So to relieve some of the cold symptoms, we recommend using nasal saline drops and suctioning to remove the congestion. A cool mist vaporizer can also be helpful at night to alleviate the cough. Over-the-counter cough and cold medicines are not recommended for toddlers because they can have dangerous side effects.

Cough, remember, is protective. So it allows your child to clear the mucus out of the airway and prevent a pneumonia. You can give some warm fluids like apple juice, milk, and even tea with honey for children over a year of age, to help the soothe the sore throat and alleviate the cough.

Jeffrey Seiden, MD: RSV or respiratory syncytial virus is one of any number of viruses that cause respiratory infections in young children. Simply knowing that it's RSV, generally makes no difference in the treatment course for your child. As a result, you don't need to be tested for RSV in order to manage your respiratory infection.

The same rules apply for RSV infections as they do with any upper respiratory infection, and that is making sure that the infection stays in the upper respiratory tract and is not causing that increased work of breathing that we've discussed. RSV is also very commonly associated with bronchiolitis, which is a lower respiratory infection that typically affects children under the age of one or maybe between one and two years of age.

Bronchiolitis causes wheezing and increased work of breathing. And the most common concern with RSV bronchiolitis, is that it can affect the way in which a child can maintain their hydration. Young infants have a difficult time latching onto the nipple and drinking enough fluids to maintain their hydration, and so that's really what we wanna focus on.

If a child with an RSV bronchiolitis infection is able to drink vigorously and has several wet diapers over the course of the day, then there really is no other treatment for RSV infections other than continuing the supportive care. And these infections can often last for up to a week and sometimes even two weeks to get fully resolved.

Kathleen Filograna, MD, FAAP: Unfortunately, there's really no way to predict, when RSV season will wrap up this year. We're certainly hoping that it's soon. The most important thing, again, is to vaccinate your child for influenza and COVID-19 to prevent other respiratory illnesses.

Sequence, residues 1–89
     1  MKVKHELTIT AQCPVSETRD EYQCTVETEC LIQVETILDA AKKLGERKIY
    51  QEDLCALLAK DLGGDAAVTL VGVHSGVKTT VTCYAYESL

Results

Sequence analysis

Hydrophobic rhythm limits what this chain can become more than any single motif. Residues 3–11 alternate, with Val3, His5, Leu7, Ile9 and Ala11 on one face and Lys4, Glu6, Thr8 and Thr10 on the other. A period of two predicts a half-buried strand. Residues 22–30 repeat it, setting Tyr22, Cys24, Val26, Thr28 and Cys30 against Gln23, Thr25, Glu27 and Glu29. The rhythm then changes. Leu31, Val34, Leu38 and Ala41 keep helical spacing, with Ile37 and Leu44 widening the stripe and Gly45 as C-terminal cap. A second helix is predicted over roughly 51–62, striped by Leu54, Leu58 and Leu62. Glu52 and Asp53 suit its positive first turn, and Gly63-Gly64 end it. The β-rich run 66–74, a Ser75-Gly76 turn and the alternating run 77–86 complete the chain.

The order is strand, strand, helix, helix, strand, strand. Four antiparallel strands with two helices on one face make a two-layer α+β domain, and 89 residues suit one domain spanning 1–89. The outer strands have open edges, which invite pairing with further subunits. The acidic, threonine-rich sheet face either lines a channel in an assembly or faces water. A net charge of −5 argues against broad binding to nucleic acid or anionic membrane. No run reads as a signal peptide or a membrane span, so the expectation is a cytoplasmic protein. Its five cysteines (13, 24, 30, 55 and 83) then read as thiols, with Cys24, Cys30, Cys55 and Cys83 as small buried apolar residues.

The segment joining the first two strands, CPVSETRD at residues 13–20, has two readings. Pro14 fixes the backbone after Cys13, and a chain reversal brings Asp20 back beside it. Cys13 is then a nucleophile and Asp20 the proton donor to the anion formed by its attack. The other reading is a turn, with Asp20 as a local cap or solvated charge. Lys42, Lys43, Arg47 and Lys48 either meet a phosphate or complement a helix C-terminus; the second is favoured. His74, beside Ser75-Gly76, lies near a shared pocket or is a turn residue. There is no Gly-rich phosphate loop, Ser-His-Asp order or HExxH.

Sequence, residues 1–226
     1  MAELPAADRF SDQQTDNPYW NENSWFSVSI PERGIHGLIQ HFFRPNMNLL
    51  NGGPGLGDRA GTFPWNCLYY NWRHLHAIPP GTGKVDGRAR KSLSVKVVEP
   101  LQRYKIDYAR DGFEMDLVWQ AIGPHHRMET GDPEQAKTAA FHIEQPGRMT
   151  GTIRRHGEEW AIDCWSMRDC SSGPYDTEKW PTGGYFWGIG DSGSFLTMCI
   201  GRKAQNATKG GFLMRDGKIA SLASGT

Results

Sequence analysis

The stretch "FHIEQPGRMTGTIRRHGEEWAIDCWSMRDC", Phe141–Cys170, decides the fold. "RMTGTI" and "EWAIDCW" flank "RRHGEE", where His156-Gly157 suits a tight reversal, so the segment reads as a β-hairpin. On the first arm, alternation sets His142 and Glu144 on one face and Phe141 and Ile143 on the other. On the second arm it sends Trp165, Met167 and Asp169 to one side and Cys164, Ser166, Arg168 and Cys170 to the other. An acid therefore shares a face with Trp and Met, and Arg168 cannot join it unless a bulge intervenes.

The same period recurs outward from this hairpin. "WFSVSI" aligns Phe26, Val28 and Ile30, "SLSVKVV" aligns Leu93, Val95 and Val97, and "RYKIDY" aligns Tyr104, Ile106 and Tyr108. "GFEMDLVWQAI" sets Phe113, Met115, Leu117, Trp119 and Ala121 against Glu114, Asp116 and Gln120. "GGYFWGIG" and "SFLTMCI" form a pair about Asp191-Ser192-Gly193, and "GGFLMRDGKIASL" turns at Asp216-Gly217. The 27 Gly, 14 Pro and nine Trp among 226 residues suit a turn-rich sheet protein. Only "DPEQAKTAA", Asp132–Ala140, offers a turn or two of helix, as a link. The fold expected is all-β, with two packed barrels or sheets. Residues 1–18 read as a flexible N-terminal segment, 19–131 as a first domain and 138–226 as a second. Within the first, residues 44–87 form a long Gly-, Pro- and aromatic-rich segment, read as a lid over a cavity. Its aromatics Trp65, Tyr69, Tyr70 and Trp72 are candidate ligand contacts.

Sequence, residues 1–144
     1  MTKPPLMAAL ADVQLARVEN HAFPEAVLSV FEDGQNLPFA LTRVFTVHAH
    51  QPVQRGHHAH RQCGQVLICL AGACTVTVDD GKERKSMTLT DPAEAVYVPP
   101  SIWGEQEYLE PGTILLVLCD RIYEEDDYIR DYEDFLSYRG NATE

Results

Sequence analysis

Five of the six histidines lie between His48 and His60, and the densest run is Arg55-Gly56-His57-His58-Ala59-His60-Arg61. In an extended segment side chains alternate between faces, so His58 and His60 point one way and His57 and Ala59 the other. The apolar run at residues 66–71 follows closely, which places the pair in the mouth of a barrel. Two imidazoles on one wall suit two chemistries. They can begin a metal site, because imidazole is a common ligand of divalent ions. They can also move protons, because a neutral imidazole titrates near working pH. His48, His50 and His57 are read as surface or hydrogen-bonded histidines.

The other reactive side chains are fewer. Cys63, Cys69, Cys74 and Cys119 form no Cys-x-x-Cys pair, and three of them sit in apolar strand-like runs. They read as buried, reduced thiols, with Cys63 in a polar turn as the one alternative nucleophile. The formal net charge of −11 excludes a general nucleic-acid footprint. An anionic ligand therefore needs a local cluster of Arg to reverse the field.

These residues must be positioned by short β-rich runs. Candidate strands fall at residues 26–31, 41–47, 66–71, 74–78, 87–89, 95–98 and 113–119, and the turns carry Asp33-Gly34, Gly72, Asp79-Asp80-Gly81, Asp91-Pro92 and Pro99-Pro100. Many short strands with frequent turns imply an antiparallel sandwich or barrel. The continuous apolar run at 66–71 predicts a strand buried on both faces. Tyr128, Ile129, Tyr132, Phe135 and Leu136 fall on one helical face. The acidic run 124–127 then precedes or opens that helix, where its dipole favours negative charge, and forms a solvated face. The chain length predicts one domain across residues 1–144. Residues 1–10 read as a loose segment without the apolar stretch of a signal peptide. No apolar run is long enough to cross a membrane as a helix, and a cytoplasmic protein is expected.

Jeffrey Seiden, MD: There are many differences between a pediatric emergency department and an adult emergency department, and I would say that for most younger children, certainly under the age of one, you may get better service, specifically related to pediatric illnesses, in a pediatric specific urgent care or emergency department.

Adult emergency departments are certainly capable of managing most of childhood illnesses, specifically in adolescents. But if your child is younger, I would recommend seeing a pediatric-specific emergency department.

Katie Lockwood, MD, MED: The CHOP website has lots of information online that you can trust, but besides us, I like the American Academy of Pediatrics and they have a website called There's lots of information there that you can trust as a parent, and it's very easy to navigate.

Jeffrey Seiden, MD: If your child is vomiting, there are several things to consider when they're trying to figure out if you need to come to urgent care or to the emergency department. The first is, what does the vomit look like? If you notice any blood or any dark army green coloration to the vomiting, your child should be seen that day probably in emergency department, but in an urgent care if that's closest to you.

When trying to manage vomiting that is not bloody and doesn't have that dark army green color, the most important thing is hydration. When trying to get your child to drink enough fluids over the course of the day, it often works better to follow an oral rehydration schedule. What that generally entails is taking smaller amounts of fluid at a time and offering it to them more frequently.